The success of project management strategies within an organization can be measured in five stages of maturity. Even companies that seem to hit their deadlines and complete projects on budget can lack maturity without the right management systems.
The goal of advancing your management maturity is to improve your performance and provide more insight into what your company does well, and what needs to be improved. Follow this guide to learn about the five stages and how you can bring your organization to the next level.
Introducing the Project Management Maturity Model
Many companies tackle projects on a first come, first served basis. This unstructured approach, however, ends up creating problems in the long run. Project management maturity starts when organizations realize they need to develop a more structured method of project prioritization.
Organizations can increase their project management maturity by decreasing the number of failed projects annually, increasing customer satisfaction and aligning projects with overall company objectives.
A recent benchmark study by PM Solutions looked into the the level of project management skills maturity across 293 organizations and found that only 11 percent of organizations operate at a high level of maturity. Nearly a third, meanwhile, are stuck at that first level, when they respond to projects as those projects come in. The majority hover somewhere in the middle.
The good news is PM maturity as a whole is significantly improving. In 2001, 89 percent of organizations were only at level one maturity. This means that with structured project management systems in place, companies can learn how to execute their projects more efficiently and effectively.
Let’s explore each of the five stages of project maturity and the benefits of implementing smart management structures for your projects.
Level One: The Initial Process
Level one companies complete projects whenever they come in to the best of their ability. There is limited tracking, review and management to make sure projects are completed on time and accurately.
The experts at PMAlliance list four common issues that affect companies with this ad hoc approach to project management. The problems tend to be universal across all industries and organizational sizes:
- Time impacts. Tasks take longer than expected, and tasks are delayed.
- Budget impacts. Costs are underestimated, or costs must be added to prevent the project from running late.
- Quality impacts. For the funding and time to be met, the quality of the project is reduced.
- Stress impacts. Internally, teams feel exacerbated levels of stress to complete a project.
The danger of operating an ad hoc project management system is that you have no history to pull from, just as a toddler might try to pick up a snake or eat a sour lemon. The first step in developing a project management process is building that history.
“Skillful planning considers past performance,” George Pitagorsky writes at PM Times. “If twenty percent of the resources per month have been called upon to handle interruptions in the past, if nothing has been done to change that, then only schedule for eighty percent availability.”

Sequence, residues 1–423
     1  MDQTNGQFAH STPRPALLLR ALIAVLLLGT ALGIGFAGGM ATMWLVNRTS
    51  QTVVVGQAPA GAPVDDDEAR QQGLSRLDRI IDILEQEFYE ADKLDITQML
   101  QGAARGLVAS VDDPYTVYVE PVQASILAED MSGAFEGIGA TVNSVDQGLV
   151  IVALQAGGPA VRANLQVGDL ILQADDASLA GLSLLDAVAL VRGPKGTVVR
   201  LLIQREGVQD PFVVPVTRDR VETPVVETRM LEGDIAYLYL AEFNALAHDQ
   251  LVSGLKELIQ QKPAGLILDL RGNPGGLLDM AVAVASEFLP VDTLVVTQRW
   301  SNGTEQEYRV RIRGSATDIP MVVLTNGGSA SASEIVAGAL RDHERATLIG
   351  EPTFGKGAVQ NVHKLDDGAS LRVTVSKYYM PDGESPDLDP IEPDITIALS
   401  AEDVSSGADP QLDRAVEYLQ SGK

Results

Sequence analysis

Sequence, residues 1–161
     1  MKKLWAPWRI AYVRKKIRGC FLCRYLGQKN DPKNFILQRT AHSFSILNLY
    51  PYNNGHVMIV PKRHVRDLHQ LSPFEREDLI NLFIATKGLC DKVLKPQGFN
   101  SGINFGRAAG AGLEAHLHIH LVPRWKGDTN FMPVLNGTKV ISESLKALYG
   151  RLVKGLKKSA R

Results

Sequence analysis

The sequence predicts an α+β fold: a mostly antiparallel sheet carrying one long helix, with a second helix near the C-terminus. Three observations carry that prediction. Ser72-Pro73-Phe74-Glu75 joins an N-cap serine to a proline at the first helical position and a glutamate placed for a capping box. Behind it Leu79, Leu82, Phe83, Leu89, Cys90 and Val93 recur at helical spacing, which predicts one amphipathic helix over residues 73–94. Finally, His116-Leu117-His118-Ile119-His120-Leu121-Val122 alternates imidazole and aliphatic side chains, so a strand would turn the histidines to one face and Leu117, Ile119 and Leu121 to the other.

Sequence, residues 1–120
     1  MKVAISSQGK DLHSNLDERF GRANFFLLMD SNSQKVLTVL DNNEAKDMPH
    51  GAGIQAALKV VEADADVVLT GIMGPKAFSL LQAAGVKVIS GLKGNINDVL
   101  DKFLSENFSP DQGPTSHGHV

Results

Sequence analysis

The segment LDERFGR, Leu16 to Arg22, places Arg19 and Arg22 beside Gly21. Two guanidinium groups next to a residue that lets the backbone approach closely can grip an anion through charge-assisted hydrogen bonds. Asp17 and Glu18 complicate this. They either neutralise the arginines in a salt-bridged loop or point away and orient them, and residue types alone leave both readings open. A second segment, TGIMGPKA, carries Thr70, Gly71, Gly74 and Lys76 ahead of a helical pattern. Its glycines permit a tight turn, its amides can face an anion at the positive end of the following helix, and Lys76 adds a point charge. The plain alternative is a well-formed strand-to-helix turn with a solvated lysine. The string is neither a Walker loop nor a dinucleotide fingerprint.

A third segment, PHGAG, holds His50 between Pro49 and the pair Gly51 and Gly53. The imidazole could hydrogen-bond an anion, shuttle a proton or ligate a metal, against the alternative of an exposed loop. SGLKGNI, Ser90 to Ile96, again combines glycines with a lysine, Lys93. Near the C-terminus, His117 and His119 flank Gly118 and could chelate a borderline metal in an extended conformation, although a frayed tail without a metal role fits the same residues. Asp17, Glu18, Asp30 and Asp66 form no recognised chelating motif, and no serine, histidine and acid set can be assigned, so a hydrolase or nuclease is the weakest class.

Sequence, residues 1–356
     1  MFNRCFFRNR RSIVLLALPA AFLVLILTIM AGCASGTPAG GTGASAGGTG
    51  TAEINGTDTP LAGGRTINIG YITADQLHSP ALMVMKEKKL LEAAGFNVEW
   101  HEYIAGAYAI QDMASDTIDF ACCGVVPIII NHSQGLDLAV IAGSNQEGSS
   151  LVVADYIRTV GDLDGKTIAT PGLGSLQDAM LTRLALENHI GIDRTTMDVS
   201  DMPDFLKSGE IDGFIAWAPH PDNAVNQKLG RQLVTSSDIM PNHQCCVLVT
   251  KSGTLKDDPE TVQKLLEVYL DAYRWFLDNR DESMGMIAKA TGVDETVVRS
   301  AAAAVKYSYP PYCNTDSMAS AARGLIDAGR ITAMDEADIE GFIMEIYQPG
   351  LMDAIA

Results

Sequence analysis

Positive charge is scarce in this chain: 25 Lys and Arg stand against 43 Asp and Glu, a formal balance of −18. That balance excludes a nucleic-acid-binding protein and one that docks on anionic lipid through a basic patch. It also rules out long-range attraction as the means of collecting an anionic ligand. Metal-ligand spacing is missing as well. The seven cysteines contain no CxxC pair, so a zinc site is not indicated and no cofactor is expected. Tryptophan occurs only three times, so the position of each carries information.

If your project isn’t delayed or interrupted, then you will finish early, which is significantly better than running late. However, you don’t know that your resources are interrupted 20 percent of the time unless you’re tracking them.
Case Study: Brandenburg Airport
The clearest example of a project that needs better management is Berlin’s Brandenburg Airport. The airport was supposed to open in 2012, but developers have pushed the launch date into 2018 (at best). Costs of the project have more than doubled to 5 billion euro since construction started in 2006.
“Once BER opens, it may already be too small,” Stefan Nicola writes at Bloomberg. “It was designed to accommodate 27 million passengers annually — ample for the 18 million arrivals in Berlin in 2006. But last year, Tegel and the city’s other functioning airport, Schönefeld, handled 33 million passengers.”
Another Bloomberg article points out that the fire system was in such bad shape, developers proposed hiring 800 entry-level workers to stand around and watch for fires. Time, budget and quality have all suffered because of poor planning and execution.
Level Two: Structured Processes and Standards
At this level, many companies understand the value of project management, but might not want to invest in a full-time project manager or third party software system. They’re starting to implement some systems, which makes them better off than level one, but there’s still a long way to go.
Art Petty explains this typically leaves companies relying on corporate managers or IT departments to run the project management process. While they might have support from management, this isn’t their wheelhouse and they could be set up for failure.
“Experienced project managers everywhere are smiling externally while secretly writing your project obituary in their minds,” Petty writes.
Management Needs to Advance Change
Managers need to convey the value of project management to enact change. This might mean creating new documentation processes or investing in new project management technology.
“Successful organizations understand that doing things the same way will produce the same result and that sometimes changing things is needed to take an organization to the next level,” Patricia Lotich writes.
The MIT Sloan Management Review reports on one study that found 63 percent of managers think the pace of technological change in the workplace is too slow.
“The job of a manager is to help people cross the bridge — to get them comfortable with the technology, to get them using it, and to help them understand how it makes their lives better,” Didier Bonnet said of the study.
As teams start to develop and implement project management systems, management needs to offer support and instruction to keep employees using it.
Level Three: Organizational Standards and Institutionalized Process
Most organizations hover between the second and third level of project management maturity. They have a project management system in place but need to improve it.